Determinants of Consensual Divorce in Korea: Gender, Socio-Economic Status, and Life Course

Article excerpt


In many industrialized countries, the pressure to stay married has dissipated and marriages are more freely terminated than at any other time in history (Hughes, 2005; Wallerstein, Lewis and Blakeslee, 2000). In Korea, divorce has traditionally been regarded as a "family dishonor," which had repressed divorce for at least six hundred years (1) (Choi, Kim, and Cha, 2006). During the last few decades, however, the social taboo against divorce has rapidly decreased in Korean society. Census statistics indicate that the crude divorce rate (2) in 1971 was 0.3, and it has gradually increased to 3.5 in 2003 (Korea National Statistical Office, 2008).

With the prevalence of divorce, studies on divorce determinants have primarily been conducted from both the macro and the micro perspectives (White, 1991). At the macro level, structural and demographic variables which influence the occurrence of divorce have been examined. Sociological research, for example, has focused on life course and structural factors related to divorce (Amato and Previti, 2003; South and Spitze, 1986; Trent and South, 1989; White, 1991). Meanwhile at the micro level, interpersonal and psychological variables related to marital disruption were explored (Gottman, 1993). While a considerable number of studies on divorce determinants have been done in North America, what causes marital relationship breakdown has rarely been analyzed in other cultures such as Korea.

The purpose of this study is to examine the status of divorce determinants perceived by divorcing people in Korea, and to explore the variance of the divorce determinants by social demographic factors such as gender, socioeconomic status and life course. These three factors can offer a core analytical prism in viewing divorce decisions. They reflect significant variations in people's accounts of divorce based on structural factors and life cycle (Amato and Previti, 2003). For this study, 2,231 Koreans who visited family court to file consensual divorce filled out a questionnaire regarding their perceived cause of marital disruption. Among social demographic factors, socioeconomic status was indexed by income and education, while life course was categorized by the duration of marriage and the number of children.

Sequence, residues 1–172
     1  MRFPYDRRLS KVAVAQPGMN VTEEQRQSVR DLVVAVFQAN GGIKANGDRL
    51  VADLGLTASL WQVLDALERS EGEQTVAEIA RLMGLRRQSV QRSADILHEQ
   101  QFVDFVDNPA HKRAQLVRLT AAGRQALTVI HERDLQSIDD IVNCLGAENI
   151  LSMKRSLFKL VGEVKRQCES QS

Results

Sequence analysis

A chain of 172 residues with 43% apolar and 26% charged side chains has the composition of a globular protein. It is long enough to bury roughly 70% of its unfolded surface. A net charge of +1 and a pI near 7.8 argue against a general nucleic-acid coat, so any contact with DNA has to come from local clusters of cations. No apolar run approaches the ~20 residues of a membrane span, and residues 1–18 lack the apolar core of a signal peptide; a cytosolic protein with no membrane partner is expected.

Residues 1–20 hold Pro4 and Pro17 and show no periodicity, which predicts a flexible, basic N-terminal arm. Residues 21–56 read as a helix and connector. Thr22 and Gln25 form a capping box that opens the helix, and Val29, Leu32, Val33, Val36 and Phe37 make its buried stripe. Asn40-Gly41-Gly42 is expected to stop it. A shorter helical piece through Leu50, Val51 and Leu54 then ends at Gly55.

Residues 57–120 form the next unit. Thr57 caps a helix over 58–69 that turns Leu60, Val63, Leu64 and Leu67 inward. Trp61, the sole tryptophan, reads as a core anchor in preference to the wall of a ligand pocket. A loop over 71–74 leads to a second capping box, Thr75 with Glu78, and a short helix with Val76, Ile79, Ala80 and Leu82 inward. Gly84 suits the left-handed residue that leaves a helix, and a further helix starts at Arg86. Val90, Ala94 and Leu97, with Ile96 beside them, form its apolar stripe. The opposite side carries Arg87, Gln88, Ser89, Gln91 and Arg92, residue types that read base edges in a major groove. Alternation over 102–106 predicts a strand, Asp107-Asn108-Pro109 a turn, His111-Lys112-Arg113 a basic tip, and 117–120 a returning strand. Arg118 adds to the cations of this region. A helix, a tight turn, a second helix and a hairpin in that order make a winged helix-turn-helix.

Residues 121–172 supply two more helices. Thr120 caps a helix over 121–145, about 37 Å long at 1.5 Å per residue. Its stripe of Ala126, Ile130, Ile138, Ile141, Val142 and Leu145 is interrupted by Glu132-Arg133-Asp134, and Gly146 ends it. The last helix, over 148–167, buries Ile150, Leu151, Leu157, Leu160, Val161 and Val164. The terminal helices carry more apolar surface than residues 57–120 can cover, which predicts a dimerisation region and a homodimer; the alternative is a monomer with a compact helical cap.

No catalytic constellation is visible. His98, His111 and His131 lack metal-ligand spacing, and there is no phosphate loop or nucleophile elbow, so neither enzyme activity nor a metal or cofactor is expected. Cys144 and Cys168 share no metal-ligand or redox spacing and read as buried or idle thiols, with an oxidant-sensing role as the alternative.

Divorce in Korea

The crude divorce rate in Korea from 1970 to 2007 has fluctuated between 0.3 and 3.5 (refer to Table 5) reaching the peak in 2003 and decreasing thereafter. According to the 2008 Korea Census, the crude divorce rate in 2007 was 2.5 (Korea National Statistical Office, 2008). Among OECD (3) nations, Korea ranked second in divorce rate, only following the USA (UN, 2002). Several survey studies conducted in Korea reported that a range between 30% and 60% of married respondents have considered divorce at least once during the duration of their married life (Ministry of Gender Equality and Family, 2005; Han, Kang and Han, 2003; Lee, Kim, Choi, Han and Kim, 2002).

Since the 1970s, societal attitude toward accepting divorce has changed partly due to the feminist movement in Korea (Lee, 2003). In addition to the increase in gender equity in Korean society, there has been a drastic increase in the divorce rate since 1997 when the Korean economic disaster occurred. (4) Presumably, stress generated by financial hardship seemed to worsen marital relationships, resulting in the highest divorce rate in history. The increase in the divorce rate stabilized since 2004 when the Korean government actively intervened to improve family life by amendments in family law, and the establishment of new family policy.

Current divorce statistics in Korea showed that the average age of divorce has been increasing gradually. The average age of divorce for men is 43.2, while that for divorced women is 39.5. Compared to the average age of divorce in 1997, the results in 2007 were 4.1 years higher for men and 4. …